Avoid oil free and fat free at all costs, add cold pressed oils to your diet because it’s been extracted at a lower temperature which means fatty acids, vitamins, and other nutrients are intact. It’s very important for the people with diabetes, plus a study shows that among 46 people with type 2diabetes found that using sesame oil for 90 days significantly improved the blood sugar levels, beneficial in neuro – protective effects and certain Parkinson’s disease.

Sesame oil has a light nutty flavor, thick consistency, and a medium high smoke point of 210degree Celsius. It works well for sautéing, cooking, and salad dressings. Regular sesame oil differs from toasted sesame oil. The latter has a more amplified nutty flavor making it more suitable for finishing a dish in aromatic way. It withstands the highest temperature.

Nut oils, like peanut are good to experiment with in the kitchen especially since there are so many different types. Peanut oil has one of the highest mono saturated fat contents among cooking oils. It’s usually flavorful with a nutty taste and smell, and cooks well at high temperatures.

Coconut oil has been an example of a controversial oil. There’s a lot of hype around coconut products that overall aren’t backed by sound science. It is a healthier oil to use when you’re cooking at a very high temperature or frying food because they are stable at high heat, this means that they’re less likely to break down and smoke. It has anti – microbial and antioxidant properties, improved skin and oral health, weight loss potential. It has a natural and pleasant smell with a mild flavor of coconut.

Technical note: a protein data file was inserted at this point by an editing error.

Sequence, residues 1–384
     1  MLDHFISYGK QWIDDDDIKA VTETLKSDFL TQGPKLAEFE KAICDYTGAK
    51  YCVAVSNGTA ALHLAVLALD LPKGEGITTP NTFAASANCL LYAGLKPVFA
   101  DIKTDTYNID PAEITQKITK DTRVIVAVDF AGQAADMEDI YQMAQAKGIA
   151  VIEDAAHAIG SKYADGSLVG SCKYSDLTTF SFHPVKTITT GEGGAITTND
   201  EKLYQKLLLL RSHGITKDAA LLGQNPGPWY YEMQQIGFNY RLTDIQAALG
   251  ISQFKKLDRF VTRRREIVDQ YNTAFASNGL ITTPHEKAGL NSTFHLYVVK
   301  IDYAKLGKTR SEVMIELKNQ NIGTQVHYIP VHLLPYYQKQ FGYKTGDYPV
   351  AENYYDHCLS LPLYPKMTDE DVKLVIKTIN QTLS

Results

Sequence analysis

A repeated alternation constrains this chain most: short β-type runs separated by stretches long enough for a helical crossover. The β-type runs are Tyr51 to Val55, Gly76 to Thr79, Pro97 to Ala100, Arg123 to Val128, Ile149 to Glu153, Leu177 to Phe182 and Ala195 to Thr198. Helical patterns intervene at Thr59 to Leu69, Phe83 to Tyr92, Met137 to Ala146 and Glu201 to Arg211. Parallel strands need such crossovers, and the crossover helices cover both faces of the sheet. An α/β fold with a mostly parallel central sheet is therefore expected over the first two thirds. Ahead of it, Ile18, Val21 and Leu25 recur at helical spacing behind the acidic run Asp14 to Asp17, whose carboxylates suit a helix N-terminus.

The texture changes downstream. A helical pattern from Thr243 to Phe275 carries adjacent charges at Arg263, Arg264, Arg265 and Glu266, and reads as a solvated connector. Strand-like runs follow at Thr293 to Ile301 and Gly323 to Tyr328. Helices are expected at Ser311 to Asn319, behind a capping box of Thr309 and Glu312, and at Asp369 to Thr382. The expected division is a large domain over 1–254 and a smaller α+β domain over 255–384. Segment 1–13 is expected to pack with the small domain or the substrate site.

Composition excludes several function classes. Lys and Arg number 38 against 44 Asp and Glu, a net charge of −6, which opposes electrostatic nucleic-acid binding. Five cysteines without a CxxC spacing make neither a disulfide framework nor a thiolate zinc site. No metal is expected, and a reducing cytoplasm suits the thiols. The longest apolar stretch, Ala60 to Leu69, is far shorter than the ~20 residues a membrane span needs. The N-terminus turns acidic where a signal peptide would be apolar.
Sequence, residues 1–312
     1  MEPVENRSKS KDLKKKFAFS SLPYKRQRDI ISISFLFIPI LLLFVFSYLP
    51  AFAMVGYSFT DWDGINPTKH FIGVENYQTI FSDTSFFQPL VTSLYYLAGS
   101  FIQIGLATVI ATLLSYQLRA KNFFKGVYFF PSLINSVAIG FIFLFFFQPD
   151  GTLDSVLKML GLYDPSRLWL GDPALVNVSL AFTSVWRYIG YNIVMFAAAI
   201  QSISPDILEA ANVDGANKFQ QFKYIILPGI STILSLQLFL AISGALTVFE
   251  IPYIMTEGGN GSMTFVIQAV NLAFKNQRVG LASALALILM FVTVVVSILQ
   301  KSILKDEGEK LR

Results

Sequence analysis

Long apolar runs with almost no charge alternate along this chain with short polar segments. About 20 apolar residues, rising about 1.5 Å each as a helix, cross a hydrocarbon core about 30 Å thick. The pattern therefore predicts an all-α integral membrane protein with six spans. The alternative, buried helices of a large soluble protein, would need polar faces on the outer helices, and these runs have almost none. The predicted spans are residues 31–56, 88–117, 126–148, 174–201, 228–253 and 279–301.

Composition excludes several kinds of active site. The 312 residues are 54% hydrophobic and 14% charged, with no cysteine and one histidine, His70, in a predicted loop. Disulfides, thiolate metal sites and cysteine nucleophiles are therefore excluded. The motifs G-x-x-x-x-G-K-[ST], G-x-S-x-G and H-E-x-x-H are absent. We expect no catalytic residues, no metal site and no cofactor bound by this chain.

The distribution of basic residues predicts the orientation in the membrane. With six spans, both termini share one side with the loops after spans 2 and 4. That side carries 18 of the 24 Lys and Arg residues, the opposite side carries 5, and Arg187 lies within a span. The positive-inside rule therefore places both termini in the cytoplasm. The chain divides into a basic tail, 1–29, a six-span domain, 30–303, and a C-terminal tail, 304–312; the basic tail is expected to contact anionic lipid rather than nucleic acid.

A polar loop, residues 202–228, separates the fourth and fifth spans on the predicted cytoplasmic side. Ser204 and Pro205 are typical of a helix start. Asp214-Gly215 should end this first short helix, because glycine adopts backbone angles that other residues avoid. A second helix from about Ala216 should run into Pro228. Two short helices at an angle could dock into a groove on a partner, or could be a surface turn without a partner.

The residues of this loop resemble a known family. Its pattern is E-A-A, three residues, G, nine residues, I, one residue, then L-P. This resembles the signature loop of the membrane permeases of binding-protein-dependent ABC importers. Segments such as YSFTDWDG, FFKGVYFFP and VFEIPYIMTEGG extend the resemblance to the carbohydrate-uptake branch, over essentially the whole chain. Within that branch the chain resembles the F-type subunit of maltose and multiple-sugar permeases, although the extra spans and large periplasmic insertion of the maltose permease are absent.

India is a rich and cultural country with diverse cuisine options in every regional aspect, we have our own unique cooking techniques and our local farm based fresh oils, which aren’t as adulterated as the oils we import. The peculiarity of wood press at a minimal temperature gives us the best oil with high nutritive values while combined with our organic cooking methods and it’s proven by our chef ‘Rajat Kapoor’, who used oils from our time- tested, old and traditional methods to prove and been awarded for his work at his restaurant.

Indian farmers and sellers are trying their best in their local produce to give us a good quality, minimal pricing, non – adulterated and a cent percent virgin oil with a taste and aroma that will linger your taste buds. Come together let’s draw out the wrong notions of zero cholesterol on the packets of these oils as only animal products and oils contain cholesterol levels and not seed oils. When we can change for better future through user friendly phones and laptops, why aren’t we taking care of our basic daily consumption of oils and the most important ingredient while it comes to cooking and health. Don’t fall for the cheap marketing tactics of buying oils which is buy one get one free method. Let’s be clear and be aware that,

‘Priceless moments and priceless things always come with a price.’